Victoria 3 – Political Movement Guide

Political Movement

A political movement is a way for pops to make a direct demand of the government, either because they desire change or because they don’t desire the change you are currently pushing through. This allows for politically disenfranchised pops to push for reform, even if they lack political strength or institutional recognition.

Political movements have a singular goal and will exist only so long as this goal remains unfulfilled.

A law reform in progress and a movement to preserve the current law.

Political Movement Types

A political movement is always aimed at one particular law, and can take three different forms:

  • Movement to preserve – This is a political movement that can form when there is sufficient opposition to the passing of a particular law. For example, if Great Britain starts replacing the Monarchy with a republic, it’s very likely that this will result in a movement to preserve the monarchy.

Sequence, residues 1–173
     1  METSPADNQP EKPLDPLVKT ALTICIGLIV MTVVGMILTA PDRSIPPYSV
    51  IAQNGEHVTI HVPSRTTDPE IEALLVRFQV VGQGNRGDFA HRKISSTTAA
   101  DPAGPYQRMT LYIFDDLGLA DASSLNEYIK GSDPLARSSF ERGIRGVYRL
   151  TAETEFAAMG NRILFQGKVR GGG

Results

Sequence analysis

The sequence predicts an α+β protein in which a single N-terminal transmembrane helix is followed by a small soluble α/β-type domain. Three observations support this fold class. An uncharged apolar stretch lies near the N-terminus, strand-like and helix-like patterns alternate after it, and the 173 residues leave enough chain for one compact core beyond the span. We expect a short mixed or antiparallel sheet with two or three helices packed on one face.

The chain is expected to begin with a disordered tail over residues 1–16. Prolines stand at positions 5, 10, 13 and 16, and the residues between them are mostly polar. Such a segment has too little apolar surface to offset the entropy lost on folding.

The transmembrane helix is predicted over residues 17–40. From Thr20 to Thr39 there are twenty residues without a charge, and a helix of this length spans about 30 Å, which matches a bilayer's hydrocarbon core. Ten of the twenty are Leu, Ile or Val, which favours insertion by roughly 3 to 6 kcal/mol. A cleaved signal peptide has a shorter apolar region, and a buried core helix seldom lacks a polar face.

• Movement to enact – This is a political movement that can form when there is a popular demand for the enactment of a particular law. For example, if you have a politically active and literate but very poor underclass of laborers, these laborers might form a movement to create a minimum wage.
  • Movement to restore – This is a political movement that works exactly like a movement to enact, but aims specifically to bring back a law that was previously in effect in the country. The main difference between a movement to restore and a movement to enact is that the former will tend to get some extra support from being able to harken back to the ‘golden era’ of the past instead of having to champion new ideas. For example, a movement to restore the monarchy in a Britain that successfully transitioned into a republic.